All around the Gulf, tides are at an elevated level.

People living near St. Pete Beach experienced sea water from Boca Ciega Bay reaching their front yards Saturday morning.

Carolyn Yovan recently moved near the Don CeSar. We found her walking her dog, Mitsy, in nearly two feet of water.

“To not even have a storm and just walk outside and see that this is tide and repercussions from a tropical storm in the Gulf is kind of disarming,” says Yovan.

Yovan says she was prepared for Hurricane Irma, but not high tide.

“The biggest worry would be it coming into my house and ruining what I have left.”

Fortunately, as the day went by the water started receding back into the bay, but 10 News Meteorologist Ashley Batey explains that the tides will be fluctuating throughout the weekend.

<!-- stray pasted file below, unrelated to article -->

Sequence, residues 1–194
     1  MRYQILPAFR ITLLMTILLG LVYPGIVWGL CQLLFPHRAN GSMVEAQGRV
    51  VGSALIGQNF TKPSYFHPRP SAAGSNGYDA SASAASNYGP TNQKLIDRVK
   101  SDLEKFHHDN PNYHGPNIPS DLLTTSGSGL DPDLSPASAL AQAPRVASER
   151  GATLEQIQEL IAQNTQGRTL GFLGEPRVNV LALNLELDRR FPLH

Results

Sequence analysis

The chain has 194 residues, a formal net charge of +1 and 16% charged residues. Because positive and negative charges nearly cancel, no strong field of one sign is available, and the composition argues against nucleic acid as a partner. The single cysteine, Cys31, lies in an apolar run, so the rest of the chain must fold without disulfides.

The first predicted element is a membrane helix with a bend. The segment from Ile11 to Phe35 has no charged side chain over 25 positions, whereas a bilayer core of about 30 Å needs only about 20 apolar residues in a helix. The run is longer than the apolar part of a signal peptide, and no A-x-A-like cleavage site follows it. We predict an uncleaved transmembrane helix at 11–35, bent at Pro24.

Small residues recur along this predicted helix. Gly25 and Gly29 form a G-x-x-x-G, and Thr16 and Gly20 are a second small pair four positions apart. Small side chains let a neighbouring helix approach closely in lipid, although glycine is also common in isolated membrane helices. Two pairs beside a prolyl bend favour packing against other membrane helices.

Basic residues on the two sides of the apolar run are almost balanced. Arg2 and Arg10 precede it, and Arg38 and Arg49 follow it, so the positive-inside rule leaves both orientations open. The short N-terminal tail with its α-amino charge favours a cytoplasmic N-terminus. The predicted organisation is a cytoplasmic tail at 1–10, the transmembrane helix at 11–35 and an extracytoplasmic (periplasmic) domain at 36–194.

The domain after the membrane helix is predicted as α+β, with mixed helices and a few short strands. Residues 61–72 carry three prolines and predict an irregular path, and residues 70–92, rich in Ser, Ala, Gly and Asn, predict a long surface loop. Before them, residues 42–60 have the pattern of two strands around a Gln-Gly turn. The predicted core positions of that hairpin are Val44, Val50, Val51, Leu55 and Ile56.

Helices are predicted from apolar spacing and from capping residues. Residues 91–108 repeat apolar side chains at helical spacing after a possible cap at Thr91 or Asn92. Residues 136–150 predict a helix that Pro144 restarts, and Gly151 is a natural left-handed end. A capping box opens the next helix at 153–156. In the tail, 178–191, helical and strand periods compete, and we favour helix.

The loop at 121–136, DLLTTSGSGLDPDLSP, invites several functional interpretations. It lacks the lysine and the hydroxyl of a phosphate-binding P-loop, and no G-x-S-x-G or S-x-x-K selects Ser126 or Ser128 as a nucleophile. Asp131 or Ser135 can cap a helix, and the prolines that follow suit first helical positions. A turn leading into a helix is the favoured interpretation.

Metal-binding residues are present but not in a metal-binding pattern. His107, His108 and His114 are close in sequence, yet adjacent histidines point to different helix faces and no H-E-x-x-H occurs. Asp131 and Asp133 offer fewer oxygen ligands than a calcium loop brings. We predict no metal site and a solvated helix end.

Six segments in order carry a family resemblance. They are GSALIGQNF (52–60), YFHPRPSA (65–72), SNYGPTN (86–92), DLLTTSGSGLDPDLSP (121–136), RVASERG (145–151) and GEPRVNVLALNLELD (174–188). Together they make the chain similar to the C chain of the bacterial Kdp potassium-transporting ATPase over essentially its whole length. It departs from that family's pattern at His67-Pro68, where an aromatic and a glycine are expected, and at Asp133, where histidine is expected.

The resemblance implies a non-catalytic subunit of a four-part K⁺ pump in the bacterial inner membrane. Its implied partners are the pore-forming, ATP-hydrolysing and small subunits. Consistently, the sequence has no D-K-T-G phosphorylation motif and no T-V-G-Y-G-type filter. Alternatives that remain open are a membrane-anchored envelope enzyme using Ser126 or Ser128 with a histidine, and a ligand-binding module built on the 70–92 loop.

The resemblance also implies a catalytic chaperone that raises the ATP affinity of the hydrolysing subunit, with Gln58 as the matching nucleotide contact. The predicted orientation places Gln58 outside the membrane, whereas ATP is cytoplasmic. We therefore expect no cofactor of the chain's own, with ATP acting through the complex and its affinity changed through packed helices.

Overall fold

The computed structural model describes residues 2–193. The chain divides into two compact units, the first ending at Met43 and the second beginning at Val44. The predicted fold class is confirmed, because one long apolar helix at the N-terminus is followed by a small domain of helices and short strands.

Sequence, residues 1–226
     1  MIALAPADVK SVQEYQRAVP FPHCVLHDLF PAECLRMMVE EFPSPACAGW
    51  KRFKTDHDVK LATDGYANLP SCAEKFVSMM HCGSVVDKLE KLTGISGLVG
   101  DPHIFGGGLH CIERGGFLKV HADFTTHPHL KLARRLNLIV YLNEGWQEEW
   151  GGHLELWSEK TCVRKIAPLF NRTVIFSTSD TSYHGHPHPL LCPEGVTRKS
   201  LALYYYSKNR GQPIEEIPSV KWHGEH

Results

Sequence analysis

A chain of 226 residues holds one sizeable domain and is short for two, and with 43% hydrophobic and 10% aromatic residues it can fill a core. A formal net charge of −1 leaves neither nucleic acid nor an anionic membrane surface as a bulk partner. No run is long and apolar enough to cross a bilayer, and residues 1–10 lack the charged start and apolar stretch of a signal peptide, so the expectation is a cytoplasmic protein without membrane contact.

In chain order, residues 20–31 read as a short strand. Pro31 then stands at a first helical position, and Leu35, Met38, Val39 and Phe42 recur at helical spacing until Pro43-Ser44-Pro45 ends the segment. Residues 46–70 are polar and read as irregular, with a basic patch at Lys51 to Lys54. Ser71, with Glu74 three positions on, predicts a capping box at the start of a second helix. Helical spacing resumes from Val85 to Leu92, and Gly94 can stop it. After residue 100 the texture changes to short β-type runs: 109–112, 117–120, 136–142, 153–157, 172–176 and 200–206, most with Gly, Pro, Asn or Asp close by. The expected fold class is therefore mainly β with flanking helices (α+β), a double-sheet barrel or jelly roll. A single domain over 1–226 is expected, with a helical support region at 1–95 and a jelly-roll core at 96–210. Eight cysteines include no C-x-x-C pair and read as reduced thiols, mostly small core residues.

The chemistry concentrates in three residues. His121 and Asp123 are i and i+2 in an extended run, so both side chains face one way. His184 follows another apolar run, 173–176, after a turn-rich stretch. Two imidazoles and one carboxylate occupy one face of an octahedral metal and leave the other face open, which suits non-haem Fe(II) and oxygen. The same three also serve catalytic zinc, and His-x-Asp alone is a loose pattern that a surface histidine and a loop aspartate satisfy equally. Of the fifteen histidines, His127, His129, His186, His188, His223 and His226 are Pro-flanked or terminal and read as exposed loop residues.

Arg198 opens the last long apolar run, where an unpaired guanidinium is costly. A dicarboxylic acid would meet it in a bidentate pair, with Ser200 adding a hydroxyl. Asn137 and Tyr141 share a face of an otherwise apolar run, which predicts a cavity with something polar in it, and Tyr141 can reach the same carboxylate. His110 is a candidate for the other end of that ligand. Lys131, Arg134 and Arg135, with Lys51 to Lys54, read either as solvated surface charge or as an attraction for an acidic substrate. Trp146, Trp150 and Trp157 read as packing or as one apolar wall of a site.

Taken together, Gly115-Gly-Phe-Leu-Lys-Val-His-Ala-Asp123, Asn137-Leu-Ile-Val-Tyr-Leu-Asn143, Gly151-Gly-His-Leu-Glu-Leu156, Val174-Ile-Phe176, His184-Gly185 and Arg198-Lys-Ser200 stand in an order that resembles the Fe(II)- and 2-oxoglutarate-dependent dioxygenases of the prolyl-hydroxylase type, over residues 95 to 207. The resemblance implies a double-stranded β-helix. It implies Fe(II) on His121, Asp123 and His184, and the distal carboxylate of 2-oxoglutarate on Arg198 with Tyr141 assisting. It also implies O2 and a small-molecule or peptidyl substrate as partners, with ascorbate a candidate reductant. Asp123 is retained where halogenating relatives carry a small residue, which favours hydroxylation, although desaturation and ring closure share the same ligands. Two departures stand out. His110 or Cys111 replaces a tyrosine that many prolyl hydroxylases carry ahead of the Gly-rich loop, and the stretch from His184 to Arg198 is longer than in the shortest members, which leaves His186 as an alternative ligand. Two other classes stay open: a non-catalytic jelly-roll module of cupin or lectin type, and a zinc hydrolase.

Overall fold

“Tides will still be elevated for the next few days,” says Batey. “The tides would have already been high without (Hurricane Nate).”

During this time of year, the sun and moon align, creating a stronger gravitational pull. Then Hurricane Nate pushed already high water further into shore.

Eric Pettersen sent us this video of water reaching the docks at St. Pete Beach on Saturday morning.

Just a few houses down from Yovan, we found Michael Welch, who says things were just going back to normal for him.

He lost power for a week after Hurricane Irma.

“This morning, the gulf was a block and a half away. Now, it's 15 feet away from my front door,” says Welch.

After living here for 20 years, Welch knows the drill and knows this is normal.

That’s why his home is 5 feet above sea level.

“If you're living on the beach you're taking certain risks. I've lived on beaches my whole life,” he says.

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